(iv) the ion-size parameter a0 is assigned a value fixed by the Bates-Guggenheim convention extended to the general solvent s (refs .

(5aO5B)T =

1,

2):

l.5{Wc6p/(5cWp)}

(5)

where 5B is the classical Debye-Huckel constant of eq. (4), appropriate to the general (single or mixed) solvent W and 8E are the relative permittivities of pure water (superscript W) and of the solvent (superscript 5), and

and S are the corresponding

densities (ref. 1). If s is water itself, eq. (5) reduces to a0B =

1

.5, which is the form

of the Bates-Guggenheim convention which was introduced originally for pH standardisation in pure water (ref. 2).

The equations (3) to (5) are combined into a special extrapolation function

mine pHRVS as intercept at m1 = 0 of a linear regression plot of vs. m1 ,

to deter-

with

opti-

mization of pH through iterative calculation cycles (ref. 1). In this context, another importantpoint must be outlined:

(v) the above determination and optimization of

must be carried out at each distinct

composition of the solvent s, such a composition being usually expressed by the mole fra-

ction x of the nonaqueous component. In fact, an even minimal change in x causes a chan-

ge in the standard state "hyp. m 1" for the H ion (primary medium effect upon H refs. 1 ,3) and also a change in both the pH scale and its position relative to the familiar a-

queous pH scale. Therefore, each pH so determined in a solvent s isonlyvalid for the pH scale in that solvent. Now, it was recently shown (refs. 4-7) that the above determi-

nation and optimization of pHRVS at each composition x of the solvent can be rigorously inserted in, and carried out by, a procedure of single-stage multilinear regression of E

as a function of m1 ,

x

,

and temperature T, giving the final, smoothed, recommended va-

lues. This is a very important feature because there might be various independent E sets

from different authors with obvious problems of overlapping and of extracting therefrom the unified set (best values) for any related quantity. The same applies for the determination of the standard e .m. f. E° of cell (2), required by eq. (3), which is currently

carried out by the classical method of extrapolating to I = 0 a suitable function of the e..m.f. of the cell:

PtfH2 (101325 Pa)IHC1 (m) in solvent sAgClAg(Pt

(6)

Thus, the interconnection of problems emphasized by the above points (i) to (v) for different solvents s can be summarized by the scheme in Figure 1, which is the basic scheme of the present report. Of course, this scheme is valid for both

and pI-J determina-

tions. The IUPAC document mentioned above (ref. 1) also underlines how the above multil inear regres -

sion method

permits an appropriate analysis of the internal consistency of pH data rele-

vant to the various solvents.

COMMISSION ON ELECTROANALYTICAL CHEMISTRY

1552

Recommendabi e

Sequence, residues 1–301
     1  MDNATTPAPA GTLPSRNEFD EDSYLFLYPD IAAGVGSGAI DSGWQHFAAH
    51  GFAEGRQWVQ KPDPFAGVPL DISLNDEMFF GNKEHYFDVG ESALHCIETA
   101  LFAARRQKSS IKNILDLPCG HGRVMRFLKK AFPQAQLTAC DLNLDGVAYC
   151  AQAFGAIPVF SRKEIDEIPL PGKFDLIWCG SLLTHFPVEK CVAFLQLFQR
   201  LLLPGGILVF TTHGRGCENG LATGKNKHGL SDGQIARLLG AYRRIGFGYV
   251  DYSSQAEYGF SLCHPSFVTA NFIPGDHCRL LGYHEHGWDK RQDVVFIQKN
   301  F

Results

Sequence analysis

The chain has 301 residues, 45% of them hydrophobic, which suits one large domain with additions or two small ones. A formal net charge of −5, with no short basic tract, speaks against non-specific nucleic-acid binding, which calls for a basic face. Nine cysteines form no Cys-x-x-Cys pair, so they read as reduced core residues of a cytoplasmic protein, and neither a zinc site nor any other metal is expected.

I FOR '1RVS C

a

0 U

at various x

FIGURE 1 pHRVS

Conviect,Lon4

betwen

Lvitei'teLwted qacLviUtLeA and

So'

otment2

ChQ2'L de unLnLng pH

vcthLes.

RVS

FOR E° 0-I 0

0.)ln. to

at various x

m=0 (1=0)

ia

—>



ueoye-HUckel eqn. (for each x)

2. PRESENTATION OF DATA AND DISCUSSION All the reference value standards (pH5) and primary standards (pHs) determined up to date have been re-examined to ensure compliance with the above IUPAC rules and to provide sets of recommended data. These have been grouped in three Tables, of which Table 1 reports the data which are relevant to the RVS buffer (the 0.05 m potassium hydrogenphthalate buffer) in various aqueous organic solvent mixtures (refs. 4-11). Table 2 reports those (pDRVS) that pertain to the special case of the RVS buffer (the 0.05 m potassium deuteriumphthalate buffer (KDPh) for pD in heavy water D20 (ref. 12), and Table 3 collects those for such other buffers as acetate, oxalate, carbonate, succinate, phosphate, TRI.S + TRLSHC1, and so on, in different (single or mixed) solvents (including heavy water, D20) and at various temperatures (refs. 11,

13-24): in the case of ethanol/water and dimethylsulphoxide/water mixtures, the temperature range extends to include also a subzero strip.

The domain of ethanol/water mixtures has required special attention for various reasons. Firstly, till recently,

data were unavailable, and they have consequently been freshly

determined in these Laboratories (ref. 8,8a) in compliance with the recent JUPAC document (ref. 1).

Secondly, pH5 data at 25 °C for such buffers as oxalate, succinate, salicylate, and diethylbarbiturate were proposed by De Ligny and associates as early as in 1958-1964 (refs. 13-15), namely, much before the issue of the present IUPAC rules. Thirdly, the available values of the standard e .m. f. E° of the cell (2), which are essential

for the determination of the pH standards (pH, or pH5) as shown by eq. (3), were insuff icient and scattered at the time of the very valuable work on pH5 determinations by De Ligny,